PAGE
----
Formaggio di fossa cheese

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Formaggio di fossa cheese


When placed on the market, the ‘Formaggio di Fossa di Sogliano’ DOP cheese has the following characteristics: the exterior of the finished product varies in colour from ivory white to amber yellow. At the end of the ageing process the weight of individual ‘Formaggio di Fossa di Sogliano’ cheeses varies from 500 grams to 1 900 grams. The cheeses are irregular in shape, with typical bumps and depressions, and the surface is primarily wet and greasy and in some cases may be covered by butterfat and mould which can be easily scraped off. Small cracks and possible yellow ochre stains of varying intensity on the surface are also typical of the product. There is no or minimal rind. The interior consistency is semi-hard and crumbles easily, and the colour is amber white or slightly yellowish. The smell is typical and lingering, and at times full and pungent, with aromas recalling woodland undergrowth with hints of mould and truffles.

The flavour varies, depending on the composition of the aged cheese, in accordance with the following characteristics:

  • the ewes’ milk cheese has an aromatic aftertaste and a fragrant, full and pleasant flavour, slightly tangy to a greater or lesser extent
  • the cows’ milk cheese is subtle and delicate, with a moderately salty and slightly acidic taste with a hint of bitterness
  • the mixed milk cheese has a pleasant flavour between salty and sweet, with a slightly bitter taste.

There is little difference in the ‘Formaggio di Fossa di Sogliano’ cheese between the rind and the cheese itself and all of it can therefore be eaten without removing the outer part of the rind, although stains or butterfat may be scraped off if they are present. The fat content of the dry matter exceeds 32%.

Raw materials

The raw material for the production of ‘Formaggio di Fossa di Sogliano’ cheese consists of ewes’ or cows’ milk from herds located in the defined geographical area. The bovine species used to produce the milk are Italian Friesian, Alpine Brown, Italian Red Pied and cross-breeds; the ovine species are Sarda, Comisana, Massese, Vissana, Cornella White, Fabrianese, delle Langhe and Pinzirita and crossbreeds. The milk used comes from two daily milkings. Raw milk is used but the use of pasteurised milk is permitted. The use of additives is prohibited.


The animals may be housed or grazed. The basic feed for housed animals consists of fodder comprising grasses and legumes collected from monophyte, oligophyte and polyphite meadows in the regional territories indicated below, which because of the climate and soil properties determine the quality of the milk production. Grazed animals use the same fodder crops used for haymaking and spontaneous polyphite meadows which are rich in flora with grass, shrub and tree species. Green or hay fodder and grazing can be supplemented by straight feedingstuffs (a single type of grain) or compound feedingstuffs (several types of grain) with the possible addition of mineral/vitamin products. The feedingstuffs used to supplement the diet must not exceed 30 % of the total daily ration. The use of silage is not permitted.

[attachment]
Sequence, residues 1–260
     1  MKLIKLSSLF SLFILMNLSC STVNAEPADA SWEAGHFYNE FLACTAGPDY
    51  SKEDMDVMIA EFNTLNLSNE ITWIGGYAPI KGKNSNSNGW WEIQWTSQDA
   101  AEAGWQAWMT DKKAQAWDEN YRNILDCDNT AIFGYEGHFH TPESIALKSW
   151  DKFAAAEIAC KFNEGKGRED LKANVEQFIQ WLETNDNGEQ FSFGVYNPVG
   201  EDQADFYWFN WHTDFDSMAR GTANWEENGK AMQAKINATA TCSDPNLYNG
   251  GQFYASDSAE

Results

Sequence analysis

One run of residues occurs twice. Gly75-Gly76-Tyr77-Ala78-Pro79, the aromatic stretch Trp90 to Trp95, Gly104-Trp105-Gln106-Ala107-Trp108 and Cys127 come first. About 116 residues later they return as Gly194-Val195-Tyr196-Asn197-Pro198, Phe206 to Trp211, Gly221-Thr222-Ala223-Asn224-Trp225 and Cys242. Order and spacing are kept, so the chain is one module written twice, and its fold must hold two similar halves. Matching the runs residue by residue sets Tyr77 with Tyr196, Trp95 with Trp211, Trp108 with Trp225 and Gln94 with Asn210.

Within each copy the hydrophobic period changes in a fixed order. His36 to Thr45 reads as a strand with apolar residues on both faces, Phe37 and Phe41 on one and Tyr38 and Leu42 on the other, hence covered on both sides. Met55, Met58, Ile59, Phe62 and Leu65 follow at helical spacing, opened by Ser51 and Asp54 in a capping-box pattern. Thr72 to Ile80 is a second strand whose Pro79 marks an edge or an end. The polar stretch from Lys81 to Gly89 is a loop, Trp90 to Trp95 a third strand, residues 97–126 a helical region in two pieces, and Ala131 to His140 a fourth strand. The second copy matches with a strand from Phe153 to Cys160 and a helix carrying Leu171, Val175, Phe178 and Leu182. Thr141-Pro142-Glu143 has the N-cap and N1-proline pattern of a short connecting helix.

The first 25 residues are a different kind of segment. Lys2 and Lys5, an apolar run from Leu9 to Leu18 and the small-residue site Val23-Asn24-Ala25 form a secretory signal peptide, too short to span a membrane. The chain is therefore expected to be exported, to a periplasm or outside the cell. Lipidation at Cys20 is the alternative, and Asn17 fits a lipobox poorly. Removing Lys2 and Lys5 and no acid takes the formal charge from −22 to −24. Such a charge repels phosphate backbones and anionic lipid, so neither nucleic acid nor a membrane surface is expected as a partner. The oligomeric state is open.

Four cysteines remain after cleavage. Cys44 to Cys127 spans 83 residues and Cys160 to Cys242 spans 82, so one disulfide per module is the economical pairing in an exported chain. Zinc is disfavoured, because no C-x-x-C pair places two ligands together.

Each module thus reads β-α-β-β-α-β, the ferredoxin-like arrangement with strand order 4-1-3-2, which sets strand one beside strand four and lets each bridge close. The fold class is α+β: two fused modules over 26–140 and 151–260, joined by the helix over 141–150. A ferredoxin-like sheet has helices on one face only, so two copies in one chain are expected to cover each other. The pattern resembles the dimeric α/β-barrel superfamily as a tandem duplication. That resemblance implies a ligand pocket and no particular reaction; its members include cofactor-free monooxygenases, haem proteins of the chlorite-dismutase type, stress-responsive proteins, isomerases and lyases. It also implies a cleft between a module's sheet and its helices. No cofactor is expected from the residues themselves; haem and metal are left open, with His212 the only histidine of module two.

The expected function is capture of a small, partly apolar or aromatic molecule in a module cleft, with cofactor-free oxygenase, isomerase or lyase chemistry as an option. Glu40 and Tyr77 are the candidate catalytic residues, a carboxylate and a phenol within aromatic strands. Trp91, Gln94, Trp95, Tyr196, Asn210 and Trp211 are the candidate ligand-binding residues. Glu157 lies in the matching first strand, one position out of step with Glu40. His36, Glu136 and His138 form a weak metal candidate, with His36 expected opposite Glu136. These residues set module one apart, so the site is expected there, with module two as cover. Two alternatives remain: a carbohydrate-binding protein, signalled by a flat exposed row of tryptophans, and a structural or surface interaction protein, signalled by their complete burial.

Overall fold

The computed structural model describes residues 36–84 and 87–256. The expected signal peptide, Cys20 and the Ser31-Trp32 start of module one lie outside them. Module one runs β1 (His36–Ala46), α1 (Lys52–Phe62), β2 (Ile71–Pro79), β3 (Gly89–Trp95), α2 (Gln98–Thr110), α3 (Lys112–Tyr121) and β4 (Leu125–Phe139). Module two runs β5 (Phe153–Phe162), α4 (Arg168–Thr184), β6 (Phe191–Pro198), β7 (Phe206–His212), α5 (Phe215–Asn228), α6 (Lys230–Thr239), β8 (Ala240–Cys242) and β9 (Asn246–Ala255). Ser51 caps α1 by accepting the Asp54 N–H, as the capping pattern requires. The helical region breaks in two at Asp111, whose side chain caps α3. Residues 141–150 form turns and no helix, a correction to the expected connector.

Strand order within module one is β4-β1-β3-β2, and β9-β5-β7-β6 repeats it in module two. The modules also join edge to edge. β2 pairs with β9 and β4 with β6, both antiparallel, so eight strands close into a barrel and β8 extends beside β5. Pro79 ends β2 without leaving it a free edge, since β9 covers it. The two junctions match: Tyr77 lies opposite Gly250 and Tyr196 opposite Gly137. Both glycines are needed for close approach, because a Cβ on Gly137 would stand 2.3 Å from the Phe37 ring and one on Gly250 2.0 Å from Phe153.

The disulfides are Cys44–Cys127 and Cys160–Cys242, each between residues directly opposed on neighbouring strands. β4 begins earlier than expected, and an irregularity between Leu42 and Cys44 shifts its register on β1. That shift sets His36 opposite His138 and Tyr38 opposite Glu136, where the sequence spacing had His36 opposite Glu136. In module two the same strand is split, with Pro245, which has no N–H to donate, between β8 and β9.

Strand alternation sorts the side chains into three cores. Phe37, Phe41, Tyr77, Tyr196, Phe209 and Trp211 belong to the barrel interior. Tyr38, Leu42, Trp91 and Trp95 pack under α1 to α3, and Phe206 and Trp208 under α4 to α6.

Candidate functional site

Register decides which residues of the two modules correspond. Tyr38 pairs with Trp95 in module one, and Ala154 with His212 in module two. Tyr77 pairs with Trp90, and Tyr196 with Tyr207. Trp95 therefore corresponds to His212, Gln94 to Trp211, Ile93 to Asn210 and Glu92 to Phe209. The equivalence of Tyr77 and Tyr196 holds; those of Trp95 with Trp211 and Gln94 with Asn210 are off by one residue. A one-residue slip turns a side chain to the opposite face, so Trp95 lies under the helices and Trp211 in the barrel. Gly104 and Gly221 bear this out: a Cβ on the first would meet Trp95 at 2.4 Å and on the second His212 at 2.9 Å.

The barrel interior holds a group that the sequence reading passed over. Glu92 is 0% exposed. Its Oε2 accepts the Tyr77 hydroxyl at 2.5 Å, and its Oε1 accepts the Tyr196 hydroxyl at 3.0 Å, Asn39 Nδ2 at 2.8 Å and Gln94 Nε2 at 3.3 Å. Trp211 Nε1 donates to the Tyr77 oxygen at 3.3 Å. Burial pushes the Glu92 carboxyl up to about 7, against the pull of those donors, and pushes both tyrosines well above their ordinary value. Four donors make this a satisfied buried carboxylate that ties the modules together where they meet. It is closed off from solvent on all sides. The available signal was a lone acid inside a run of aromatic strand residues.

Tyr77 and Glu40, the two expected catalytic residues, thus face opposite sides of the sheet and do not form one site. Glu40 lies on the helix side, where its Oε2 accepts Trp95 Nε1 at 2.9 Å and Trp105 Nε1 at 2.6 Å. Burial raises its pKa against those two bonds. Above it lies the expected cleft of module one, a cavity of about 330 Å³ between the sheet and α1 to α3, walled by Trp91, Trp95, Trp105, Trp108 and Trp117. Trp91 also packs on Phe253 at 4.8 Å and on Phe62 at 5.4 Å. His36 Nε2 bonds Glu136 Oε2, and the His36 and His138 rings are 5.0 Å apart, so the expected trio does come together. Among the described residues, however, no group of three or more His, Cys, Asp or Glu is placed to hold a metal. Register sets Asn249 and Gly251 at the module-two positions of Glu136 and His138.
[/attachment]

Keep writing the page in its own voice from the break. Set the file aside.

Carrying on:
Specific rules concerning slicing, grating, packaging, etc

The ‘Formaggio di Fossa di Sogliano’ cheese is packaged for distribution to preserve the characteristics of the product in accordance with the following packaging procedures:

  • sold in the ageing bags;
  • sold vacuum-packed as whole cheeses or in portions;
  • sold as whole cheeses or in portions in film-wrapped trays;
  • sold as whole cheeses or in portions wrapped in food-grade paper.

‘Formaggio di Fossa di Sogliano’packaged in these ways may be contained in packs made of cloth sacking or wrapping or wooden or cardboard boxes. The operations of portioning for packaging must take place in the area indicated below since after the cheeses have been in the pit there is no clear distinction between the rind and the cheese itself as a result of the anaerobic fermentation which occurs during this stage of the processing, and the cheeses are wet and greasy and liable to become dry or hard. The product must therefore be packaged before commercial distribution in order to avoid the formation of cracks and fissures and to preserve the characteristics of the product.

Concise definition of the geographical area

The area of production of the ‘Formaggio di Fossa di Sogliano’ cheese comprises the whole territory of the provinces of Forlì-Cesena, Rimini, Ravenna, Pesaro-Urbino, Ancona, Macerata, Ascoli Piceno and part of the territory of the province of Bologna consisting of the municipalities of Borgo Tossignano, Casalfiumanese, Castel San Pietro Terme, Castel del Rio, Dozza, Fontanelice, Imola, Loiano, Monghidoro, Monterenzio and Pianoro.

Link with the geographical area